“Hold Harmless” and “Indemnify”

[Update: For my more recent take on this issue, see this 2012 post.]

At a seminar I gave last week, I suggested that hold harmless and indemnify are essentially synonyms. Some participants were skeptical, so I thought I’d better research the issue.

Black’s Law Dictionary supports my view. It defines hold harmless as follows: “To absolve (another party) from any responsibility for damage or other liability arising from the transaction; INDEMNIFY.” (It defines indemnify as follows: “To reimburse (another) for a loss suffered because of a third party’s or one’s own act or default. 2. To promise to reimburse (another) for such a loss. 3. To give (another) security against such a loss.”)

But in Mellinkoff’s Dictionary of American Legal Usage, David Mellinkoff says that “hold harmless is understood to protect another against the risk of loss as well as actual loss.” He goes on to say that indemnify is sometimes used as a synonym of hold harmless, but that indemnify can also mean “reimburse for any damage,” a narrower meaning than that of hold harmless.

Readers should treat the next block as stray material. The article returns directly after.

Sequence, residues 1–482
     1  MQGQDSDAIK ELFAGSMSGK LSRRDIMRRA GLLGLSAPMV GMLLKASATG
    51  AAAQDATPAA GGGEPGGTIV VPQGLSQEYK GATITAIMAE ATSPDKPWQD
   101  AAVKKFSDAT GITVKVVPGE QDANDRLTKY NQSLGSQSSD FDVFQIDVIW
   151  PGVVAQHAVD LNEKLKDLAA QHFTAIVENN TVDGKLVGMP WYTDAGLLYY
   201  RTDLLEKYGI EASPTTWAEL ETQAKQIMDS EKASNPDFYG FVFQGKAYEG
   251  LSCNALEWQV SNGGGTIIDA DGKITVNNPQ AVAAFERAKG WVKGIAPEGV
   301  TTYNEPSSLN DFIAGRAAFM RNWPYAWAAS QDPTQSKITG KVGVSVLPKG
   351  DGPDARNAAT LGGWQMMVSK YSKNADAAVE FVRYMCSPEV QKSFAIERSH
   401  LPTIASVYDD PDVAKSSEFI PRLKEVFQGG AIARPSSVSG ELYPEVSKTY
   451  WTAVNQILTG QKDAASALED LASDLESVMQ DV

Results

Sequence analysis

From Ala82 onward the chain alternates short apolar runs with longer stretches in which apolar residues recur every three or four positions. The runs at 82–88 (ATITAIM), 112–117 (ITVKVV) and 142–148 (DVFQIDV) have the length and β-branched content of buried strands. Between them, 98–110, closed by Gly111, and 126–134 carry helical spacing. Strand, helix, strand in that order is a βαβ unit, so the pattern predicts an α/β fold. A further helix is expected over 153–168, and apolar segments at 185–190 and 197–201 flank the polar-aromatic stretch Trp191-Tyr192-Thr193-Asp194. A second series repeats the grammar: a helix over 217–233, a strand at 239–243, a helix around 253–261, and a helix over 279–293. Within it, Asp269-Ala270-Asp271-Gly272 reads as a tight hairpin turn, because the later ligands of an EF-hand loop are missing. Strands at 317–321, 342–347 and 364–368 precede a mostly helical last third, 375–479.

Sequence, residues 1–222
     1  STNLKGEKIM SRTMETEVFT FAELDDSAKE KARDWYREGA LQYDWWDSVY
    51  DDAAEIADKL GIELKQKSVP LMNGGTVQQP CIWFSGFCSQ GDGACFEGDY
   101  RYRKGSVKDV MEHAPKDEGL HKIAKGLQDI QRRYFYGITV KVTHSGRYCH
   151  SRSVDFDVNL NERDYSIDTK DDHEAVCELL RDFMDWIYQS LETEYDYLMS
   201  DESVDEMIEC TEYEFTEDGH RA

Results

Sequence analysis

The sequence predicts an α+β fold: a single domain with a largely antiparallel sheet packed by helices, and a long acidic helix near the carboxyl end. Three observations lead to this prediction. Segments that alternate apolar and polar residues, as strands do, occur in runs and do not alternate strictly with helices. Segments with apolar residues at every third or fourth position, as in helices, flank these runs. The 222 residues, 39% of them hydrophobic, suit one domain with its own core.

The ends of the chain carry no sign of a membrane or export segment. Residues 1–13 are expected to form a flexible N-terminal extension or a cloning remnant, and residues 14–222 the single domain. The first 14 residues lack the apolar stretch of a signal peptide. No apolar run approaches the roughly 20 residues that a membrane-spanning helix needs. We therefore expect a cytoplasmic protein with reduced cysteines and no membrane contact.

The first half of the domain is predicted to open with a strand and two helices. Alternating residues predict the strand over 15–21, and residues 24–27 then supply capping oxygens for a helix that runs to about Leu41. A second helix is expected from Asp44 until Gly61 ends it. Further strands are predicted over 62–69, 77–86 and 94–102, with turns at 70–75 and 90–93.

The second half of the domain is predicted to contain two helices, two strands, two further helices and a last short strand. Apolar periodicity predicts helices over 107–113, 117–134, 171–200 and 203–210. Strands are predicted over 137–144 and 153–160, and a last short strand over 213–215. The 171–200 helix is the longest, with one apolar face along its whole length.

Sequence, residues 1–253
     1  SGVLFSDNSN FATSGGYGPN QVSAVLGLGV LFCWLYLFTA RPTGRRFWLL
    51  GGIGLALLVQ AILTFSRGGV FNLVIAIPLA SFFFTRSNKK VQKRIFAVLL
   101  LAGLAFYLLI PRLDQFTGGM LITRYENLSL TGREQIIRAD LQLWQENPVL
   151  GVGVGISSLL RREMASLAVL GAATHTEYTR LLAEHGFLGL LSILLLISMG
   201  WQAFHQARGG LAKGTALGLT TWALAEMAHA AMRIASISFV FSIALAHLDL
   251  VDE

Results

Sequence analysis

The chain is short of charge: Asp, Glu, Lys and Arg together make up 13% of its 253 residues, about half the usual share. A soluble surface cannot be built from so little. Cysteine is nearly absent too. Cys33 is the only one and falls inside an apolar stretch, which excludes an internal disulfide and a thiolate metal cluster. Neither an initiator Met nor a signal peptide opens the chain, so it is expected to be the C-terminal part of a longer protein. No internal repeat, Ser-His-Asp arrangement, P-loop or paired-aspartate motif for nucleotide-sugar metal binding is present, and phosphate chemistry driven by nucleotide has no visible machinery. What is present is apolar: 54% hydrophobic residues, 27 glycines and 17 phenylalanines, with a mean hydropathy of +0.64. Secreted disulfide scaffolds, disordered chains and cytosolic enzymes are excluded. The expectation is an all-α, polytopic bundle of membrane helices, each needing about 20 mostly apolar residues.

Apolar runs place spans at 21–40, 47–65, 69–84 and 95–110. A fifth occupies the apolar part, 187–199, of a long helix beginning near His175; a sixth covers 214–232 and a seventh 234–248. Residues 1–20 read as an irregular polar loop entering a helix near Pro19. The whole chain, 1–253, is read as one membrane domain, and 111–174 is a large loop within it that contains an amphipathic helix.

So it appears that the skeptical seminar participants and I were both right. But when looked at in a broader context, you should always be able to dispense with hold harmless. All it takes to ensure that indemnify is given its broader meaning is to have Acme agree to indemnify Widgetco against losses and liabilities. Black’s defines loss as “the disappearance or diminution of value, usu. in an unexpected or relatively unpredictable way,” and it defines liability as “A financial or pecuniary obligation.” If you use both these words, Acme would be indemnifying Widgetco against both the risk of loss as well as actual loss, to use Mellinkoff’s words. It would be redundant to have Acme also hold Widgetco harmless.

One of the pleasures of giving seminars is that issues crop up that I would otherwise never have thought to investigate. So my thanks go to last week’s skeptical participants.

About the author

Ken Adams is the leading authority on how to say clearly whatever you want to say in a contract. He’s author of A Manual of Style for Contract Drafting, and he offers online and in-person training around the world. He’s also chief content officer of LegalSifter, Inc., a company that combines artificial intelligence and expertise to assist with review of contracts.